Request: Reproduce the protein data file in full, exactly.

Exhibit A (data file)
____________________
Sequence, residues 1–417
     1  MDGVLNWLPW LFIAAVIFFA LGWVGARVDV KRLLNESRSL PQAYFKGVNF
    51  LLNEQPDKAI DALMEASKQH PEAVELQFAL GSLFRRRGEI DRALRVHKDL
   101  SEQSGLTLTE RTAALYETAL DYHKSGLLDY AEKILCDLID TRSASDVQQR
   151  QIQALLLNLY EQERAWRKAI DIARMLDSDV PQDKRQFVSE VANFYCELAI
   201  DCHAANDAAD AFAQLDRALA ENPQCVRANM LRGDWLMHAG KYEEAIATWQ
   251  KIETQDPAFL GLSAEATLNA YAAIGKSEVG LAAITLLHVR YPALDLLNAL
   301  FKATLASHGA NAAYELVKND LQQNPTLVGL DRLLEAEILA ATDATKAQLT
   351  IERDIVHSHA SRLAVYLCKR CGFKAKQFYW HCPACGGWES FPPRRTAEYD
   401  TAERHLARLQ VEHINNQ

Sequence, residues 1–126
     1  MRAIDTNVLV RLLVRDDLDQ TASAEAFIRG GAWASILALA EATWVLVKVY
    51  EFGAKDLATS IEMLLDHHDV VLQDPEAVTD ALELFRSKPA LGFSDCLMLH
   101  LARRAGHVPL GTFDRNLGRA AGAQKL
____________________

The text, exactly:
Sequence, residues 1–417
     1  MDGVLNWLPW LFIAAVIFFA LGWVGARVDV KRLLNESRSL PQAYFKGVNF
    51  LLNEQPDKAI DALMEASKQH PEAVELQFAL GSLFRRRGEI DRALRVHKDL
   101  SEQSGLTLTE RTAALYETAL DYHKSGLLDY AEKILCDLID TRSASDVQQR
   151  QIQALLLNLY EQERAWRKAI DIARMLDSDV PQDKRQFVSE VANFYCELAI
   201  DCHAANDAAD AFAQLDRALA ENPQCVRANM LRGDWLMHAG KYEEAIATWQ
   251  KIETQDPAFL GLSAEATLNA YAAIGKSEVG LAAITLLHVR YPALDLLNAL
   301  FKATLASHGA NAAYELVKND LQQNPTLVGL DRLLEAEILA ATDATKAQLT
   351  IERDIVHSHA SRLAVYLCKR CGFKAKQFYW HCPACGGWES FPPRRTAEYD
   401  TAERHLARLQ VEHINNQ

Sequence, residues 1–126
     1  MRAIDTNVLV RLLVRDDLDQ TASAEAFIRG GAWASILALA EATWVLVKVY
    51  EFGAKDLATS IEMLLDHHDV VLQDPEAVTD ALELFRSKPA LGFSDCLMLH
   101  LARRAGHVPL GTFDRNLGRA AGAQKL